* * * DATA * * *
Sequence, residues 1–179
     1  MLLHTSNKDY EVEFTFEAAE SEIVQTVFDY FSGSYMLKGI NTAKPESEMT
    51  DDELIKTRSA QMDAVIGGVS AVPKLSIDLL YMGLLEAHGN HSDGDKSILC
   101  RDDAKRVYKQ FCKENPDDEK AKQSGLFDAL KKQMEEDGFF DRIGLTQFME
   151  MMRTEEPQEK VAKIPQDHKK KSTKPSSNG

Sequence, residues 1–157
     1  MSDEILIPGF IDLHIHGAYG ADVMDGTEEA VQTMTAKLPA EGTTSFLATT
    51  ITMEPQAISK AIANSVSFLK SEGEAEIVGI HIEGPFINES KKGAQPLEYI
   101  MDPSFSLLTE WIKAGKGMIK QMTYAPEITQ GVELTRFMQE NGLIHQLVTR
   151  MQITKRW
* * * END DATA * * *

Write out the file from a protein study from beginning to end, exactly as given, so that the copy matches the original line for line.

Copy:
Sequence, residues 1–179
     1  MLLHTSNKDY EVEFTFEAAE SEIVQTVFDY FSGSYMLKGI NTAKPESEMT
    51  DDELIKTRSA QMDAVIGGVS AVPKLSIDLL YMGLLEAHGN HSDGDKSILC
   101  RDDAKRVYKQ FCKENPDDEK AKQSGLFDAL KKQMEEDGFF DRIGLTQFME
   151  MMRTEEPQEK VAKIPQDHKK KSTKPSSNG

Sequence, residues 1–157
     1  MSDEILIPGF IDLHIHGAYG ADVMDGTEEA VQTMTAKLPA EGTTSFLATT
    51  ITMEPQAISK AIANSVSFLK SEGEAEIVGI HIEGPFINES KKGAQPLEYI
   101  MDPSFSLLTE WIKAGKGMIK QMTYAPEITQ GVELTRFMQE NGLIHQLVTR
   151  MQITKRW